AppCompatibilityView is a new application by one of our favorite developers Nir Sofer of Nirsoft that lists all Windows programs in its interface that run with non-standard compatibility settings.
Windows users and administrators may use the compatibility mode of the operating system to run applications in a compatibility context. Designed for programs that are not (fully) compatible with newer versions of Windows, programs run with compatibility settings may work as intended.
Compatibility settings are listed under the Compatibility tab when you right-click on executable files and select properties.
You may run the compatibility troubleshooter, change the compatibility mode to another version of Windows, or modify compatibility settings.
Sometimes, you may even want to run programs that work fine in compatibility mode, for example, to use a different interface designed for older versions of Windows or disable features that are only available in certain versions of Windows.
AppCompatibilityView lists all executable files with custom compatibility settings when you launch it. The portable program is available for 32-bit and 64-bit versions of Windows starting with Windows XP and all the way up to Windows 10.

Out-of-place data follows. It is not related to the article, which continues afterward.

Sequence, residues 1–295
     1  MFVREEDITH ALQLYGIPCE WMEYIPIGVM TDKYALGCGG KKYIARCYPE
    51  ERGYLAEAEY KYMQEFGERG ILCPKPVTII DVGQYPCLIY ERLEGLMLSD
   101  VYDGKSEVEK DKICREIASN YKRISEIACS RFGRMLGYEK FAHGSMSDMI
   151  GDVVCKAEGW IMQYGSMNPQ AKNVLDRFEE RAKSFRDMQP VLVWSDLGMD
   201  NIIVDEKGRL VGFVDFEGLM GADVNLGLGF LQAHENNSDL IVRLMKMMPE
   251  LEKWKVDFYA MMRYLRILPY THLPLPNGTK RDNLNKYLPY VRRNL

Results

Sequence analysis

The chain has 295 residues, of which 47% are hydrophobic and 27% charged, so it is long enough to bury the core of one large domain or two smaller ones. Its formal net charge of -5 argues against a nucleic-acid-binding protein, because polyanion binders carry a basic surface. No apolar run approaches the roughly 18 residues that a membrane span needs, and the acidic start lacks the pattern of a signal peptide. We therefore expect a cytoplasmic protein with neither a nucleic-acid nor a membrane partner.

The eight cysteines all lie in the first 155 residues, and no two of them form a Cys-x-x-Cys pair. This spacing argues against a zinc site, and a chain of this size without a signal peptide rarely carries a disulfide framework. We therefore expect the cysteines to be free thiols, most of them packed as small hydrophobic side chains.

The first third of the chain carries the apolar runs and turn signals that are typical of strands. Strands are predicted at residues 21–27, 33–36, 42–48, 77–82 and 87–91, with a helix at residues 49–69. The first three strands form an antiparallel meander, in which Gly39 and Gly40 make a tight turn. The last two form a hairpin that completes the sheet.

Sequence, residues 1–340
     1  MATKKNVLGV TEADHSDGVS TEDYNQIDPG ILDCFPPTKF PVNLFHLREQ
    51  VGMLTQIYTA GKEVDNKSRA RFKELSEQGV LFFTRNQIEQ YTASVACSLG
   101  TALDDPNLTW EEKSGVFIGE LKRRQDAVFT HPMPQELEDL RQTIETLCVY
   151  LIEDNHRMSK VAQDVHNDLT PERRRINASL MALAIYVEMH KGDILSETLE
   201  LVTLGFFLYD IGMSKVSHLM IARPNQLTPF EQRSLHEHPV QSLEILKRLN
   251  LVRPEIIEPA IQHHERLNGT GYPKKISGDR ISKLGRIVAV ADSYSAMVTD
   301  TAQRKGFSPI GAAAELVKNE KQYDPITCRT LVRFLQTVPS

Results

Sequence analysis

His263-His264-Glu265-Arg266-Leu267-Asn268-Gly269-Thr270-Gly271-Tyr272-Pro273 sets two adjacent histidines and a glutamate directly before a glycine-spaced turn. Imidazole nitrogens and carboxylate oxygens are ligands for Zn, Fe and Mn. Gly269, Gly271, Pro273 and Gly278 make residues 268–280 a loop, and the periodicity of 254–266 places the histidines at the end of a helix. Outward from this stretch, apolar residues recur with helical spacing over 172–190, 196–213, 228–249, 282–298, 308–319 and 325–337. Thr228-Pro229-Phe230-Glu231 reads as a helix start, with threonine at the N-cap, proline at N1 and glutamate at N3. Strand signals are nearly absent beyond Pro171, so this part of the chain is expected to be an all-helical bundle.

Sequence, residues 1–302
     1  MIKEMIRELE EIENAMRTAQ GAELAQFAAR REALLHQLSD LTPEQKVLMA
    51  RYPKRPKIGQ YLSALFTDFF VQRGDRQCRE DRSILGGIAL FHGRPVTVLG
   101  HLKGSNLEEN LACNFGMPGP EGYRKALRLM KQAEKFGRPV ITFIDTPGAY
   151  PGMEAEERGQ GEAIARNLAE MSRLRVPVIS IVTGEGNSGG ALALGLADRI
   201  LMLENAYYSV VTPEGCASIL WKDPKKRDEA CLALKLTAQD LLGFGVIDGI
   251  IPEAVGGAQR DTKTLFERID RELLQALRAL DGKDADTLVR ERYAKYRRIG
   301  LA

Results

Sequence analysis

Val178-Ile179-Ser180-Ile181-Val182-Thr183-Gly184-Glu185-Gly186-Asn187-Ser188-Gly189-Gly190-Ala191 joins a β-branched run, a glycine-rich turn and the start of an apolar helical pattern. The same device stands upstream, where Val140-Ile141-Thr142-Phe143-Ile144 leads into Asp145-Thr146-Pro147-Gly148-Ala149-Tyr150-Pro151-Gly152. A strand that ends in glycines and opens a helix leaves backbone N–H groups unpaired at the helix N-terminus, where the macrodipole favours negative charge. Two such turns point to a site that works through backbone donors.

Nirsoft's program pulls the information from the Windows Registry where it is stored under HKEY_CURRENT_USER\Software\Microsoft\Windows NT\CurrentVersion\AppCompatFlags\Layers.
Each program is listed with the following information in the interface:
AppCompatibilityView gives you a quick overview of all compatibility settings. One useful feature of the program is that it highlights compatibility settings for programs that are not on the system anymore.
Any program listed with a red background indicates that the application is no longer on the system. You can delete any program from the list with a tap on the Delete-key after selecting it. Note that you do need to run the program with elevated rights to delete compatibility settings for programs under the "all users" context.
Another handy feature is the ability to change the compatibility mode and settings from within the program interface. Just right-click on any listed program and use the right-click menu to change compatibility settings for it.
One thing that is missing is the option to add new programs to the listing.
AppCompatibilityView comes with the usual options to export data to various file formats, and to run the program from the command line to generate reports automatically.
AppCompatibilityView is a specialized program that most Windows users may have little use for; it is lightweight and portable on the other hand, and can be useful to get an overview of all compatibility settings on a system, change settings for specific programs, or remove programs.
Now You: Have you used Compatibility Mode in the past? (via Deskmodder)
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